4. The cues controlling the migration and the final site remain elusive. A common view is that the migrating GnRH cells might follow a chemically labelled path. According to Schwanzel-Fukuda et al. [118, 125], GnRH neurons migrate along a scaffold of N-CAM positive cells and fibres, whereas Murakami et al. [96] described in the chicken positivity for polisialylated N-CAM on the GnRH cells themselves. Other markers of GnRH cells, possibly involved in cell migration, are some unique carbohydrates as CC2 [142]. It is puzzling to note that peripherin is expressed in axons accompanying GnRH cells during mouse development [153], whereas in the adult rat vimentin and peripherin are markers of GnRH cells themselves [59].

    Another related problem is to understand what are the cues inducing the co-expression of other neuropeptides as galanin; in the preoptic region of the male rat brain 15–20% of GnRH-like galanin immunoreactive cells coexpress GnRH [84]. The differentiation of GnRH neurons in subgroups, related to different functional activities represent another puzzling question. In guinea pig, for instance, a subgroup of GnRH neurons expresses progestin receptors and is centrally positioned within the total population of GnRH neurons [65]. These cells are possibly foci of activity, capable of activating a larger component of GnRH cells in certain neuroendcrine conditions, such as prior to the LH surge.

  5. Finally it remains unclear if the olfactory region is the sole source of GnRH. Norgren and Gao [99] showed in fact that GnRH neuronal subtypes have multiple origins in chickens: GnRH neurons in the thalamus are not continuous with the olfactory nerve and ablation of the olfactory placode eliminates GnRH neurons in the telencephalon, originated in the placode [98], but does not eliminate the ones in the thalamus. The problem is complicated by the fact that recently it has been shown that in vertebrates different molecular forms of GnRH exist and can be present simultaneously in the same species, but expressed in different neuronal systems [97]. In birds and even in mammals, using specific antibodies against the GnRH forms, different pattern of distributions have been reported. In birds, chicken GnRH-I (cGnRH-I) is present in the telencephalic and diencephalic regions, whereas cGnRH-II has a widespread distribution and occurs also in the brain stem [136]. In mammals, the mammalian GnRH (mGnRH), which varies from the cGnRH-I for one amino acid at position 8, was found in the prosencephalon of the musk shrew [37], while cGnRH-II, which has three amino acid substitutions in respect to mGnRH, is present in the midbrain [63, 64]. A recent report indicates, for instance, that GnRH neurons in the posterior tubercle in urodeles do not originate in the olfactory placode [100].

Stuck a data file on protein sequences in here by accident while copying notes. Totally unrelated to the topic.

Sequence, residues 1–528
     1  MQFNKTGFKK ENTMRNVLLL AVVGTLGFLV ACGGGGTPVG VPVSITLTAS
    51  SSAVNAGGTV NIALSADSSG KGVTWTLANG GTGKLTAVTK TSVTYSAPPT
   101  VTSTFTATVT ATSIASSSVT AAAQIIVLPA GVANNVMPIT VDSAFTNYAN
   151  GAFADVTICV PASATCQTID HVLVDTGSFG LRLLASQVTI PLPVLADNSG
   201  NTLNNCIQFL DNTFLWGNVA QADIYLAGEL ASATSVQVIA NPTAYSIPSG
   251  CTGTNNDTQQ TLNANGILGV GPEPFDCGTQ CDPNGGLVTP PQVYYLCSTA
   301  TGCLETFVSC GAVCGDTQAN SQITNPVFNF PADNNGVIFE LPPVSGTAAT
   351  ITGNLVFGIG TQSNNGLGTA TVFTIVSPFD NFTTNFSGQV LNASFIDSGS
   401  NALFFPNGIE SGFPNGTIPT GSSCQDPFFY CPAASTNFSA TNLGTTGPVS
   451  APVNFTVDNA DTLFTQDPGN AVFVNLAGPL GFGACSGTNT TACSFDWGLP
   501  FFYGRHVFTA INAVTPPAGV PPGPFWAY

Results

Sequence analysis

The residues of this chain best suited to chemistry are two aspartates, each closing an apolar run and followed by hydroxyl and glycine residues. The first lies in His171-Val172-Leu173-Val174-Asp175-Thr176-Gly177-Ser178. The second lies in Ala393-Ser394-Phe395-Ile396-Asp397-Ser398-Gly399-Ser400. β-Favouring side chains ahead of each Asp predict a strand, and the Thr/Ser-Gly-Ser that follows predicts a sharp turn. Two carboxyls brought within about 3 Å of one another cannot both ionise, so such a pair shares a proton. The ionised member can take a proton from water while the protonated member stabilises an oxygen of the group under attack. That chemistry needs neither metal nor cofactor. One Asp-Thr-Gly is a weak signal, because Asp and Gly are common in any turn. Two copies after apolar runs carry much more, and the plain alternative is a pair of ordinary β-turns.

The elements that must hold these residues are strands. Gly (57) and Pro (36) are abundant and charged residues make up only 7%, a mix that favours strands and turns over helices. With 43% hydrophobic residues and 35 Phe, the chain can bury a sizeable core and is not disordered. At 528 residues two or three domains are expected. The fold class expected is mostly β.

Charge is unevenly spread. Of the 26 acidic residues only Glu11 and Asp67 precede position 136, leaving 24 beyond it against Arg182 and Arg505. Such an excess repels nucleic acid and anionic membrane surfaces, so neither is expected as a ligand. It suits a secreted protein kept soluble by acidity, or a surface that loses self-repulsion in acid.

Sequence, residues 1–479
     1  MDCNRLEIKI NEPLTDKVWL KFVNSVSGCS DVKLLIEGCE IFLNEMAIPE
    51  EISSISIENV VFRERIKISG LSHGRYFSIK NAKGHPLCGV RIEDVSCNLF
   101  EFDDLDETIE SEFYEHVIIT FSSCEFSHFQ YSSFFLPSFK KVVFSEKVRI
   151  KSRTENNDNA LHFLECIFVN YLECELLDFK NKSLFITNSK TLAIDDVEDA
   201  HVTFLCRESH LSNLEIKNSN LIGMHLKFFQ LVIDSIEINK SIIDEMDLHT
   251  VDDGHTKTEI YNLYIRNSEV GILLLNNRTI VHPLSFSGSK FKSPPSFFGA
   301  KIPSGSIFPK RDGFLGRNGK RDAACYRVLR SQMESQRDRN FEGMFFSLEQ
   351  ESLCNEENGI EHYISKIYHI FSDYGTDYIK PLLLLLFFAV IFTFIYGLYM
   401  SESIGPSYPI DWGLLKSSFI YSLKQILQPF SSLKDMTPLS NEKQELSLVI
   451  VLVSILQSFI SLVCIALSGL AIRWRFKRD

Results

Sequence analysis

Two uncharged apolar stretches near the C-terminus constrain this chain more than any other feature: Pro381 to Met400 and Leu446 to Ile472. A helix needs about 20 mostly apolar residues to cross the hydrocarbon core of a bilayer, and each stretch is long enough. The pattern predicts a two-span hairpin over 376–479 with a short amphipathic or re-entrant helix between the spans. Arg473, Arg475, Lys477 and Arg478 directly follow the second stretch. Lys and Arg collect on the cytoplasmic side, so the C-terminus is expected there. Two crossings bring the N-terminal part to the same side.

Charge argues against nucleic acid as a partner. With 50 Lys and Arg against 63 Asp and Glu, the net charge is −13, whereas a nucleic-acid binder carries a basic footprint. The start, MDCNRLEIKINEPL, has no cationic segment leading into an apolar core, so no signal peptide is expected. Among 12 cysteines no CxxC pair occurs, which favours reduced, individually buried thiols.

Other cell types

Several different cell populations have been identified along the migratory route of GnRH neurons or in close relation with the olfactory nerves [83] (Table 5). Some problems are still pending. In particular, no final proof exists that these cells are actually migrating, since the published papers report their occurrence along the olfactory fibres and in a well defined time gap, but data on their exact birthdate or exprerimental manipulation of their putative migration are not available. Another puzzling point is how to cope with the different reports in order to identify unequivocally the different populations and their specific markers.

Table 5

Markers for migratory cells in the olfactory system of birds and mammals during development


At a very first approximation we can try to discriminate different cell types on the basis of their phenotypes, their location and the time dependent-evolution. Accordingly, it seems possible to identify an early group of cells, which form a blastema and are N-CAM positive [118]. In the mouse early in embryogenesis (at about E10), these cells form an aggregate, on either side of the midline, in the mesenchyme between the olfactory pit and the forebrain, in a vertromedial location. The axons of the olfactory, terminal and vomeronasal nerves, which are also N-CAM positive, grow into this cell aggregate. As development proceeds, the N-CAM immunoreactive aggregate becomes adherent to, or continuous with the rostral tip of the forebrain, and together with the central processes of the olfactory, terminal and vomeronasal nerves, form a scaffold, linking the olfactory pit to the rostral forebrain. This aggregate is not disrupted by treatment at E10 with antibody against N-CAM, whereas is significantly reduced the number of GnRH positive cells outside the placode [126].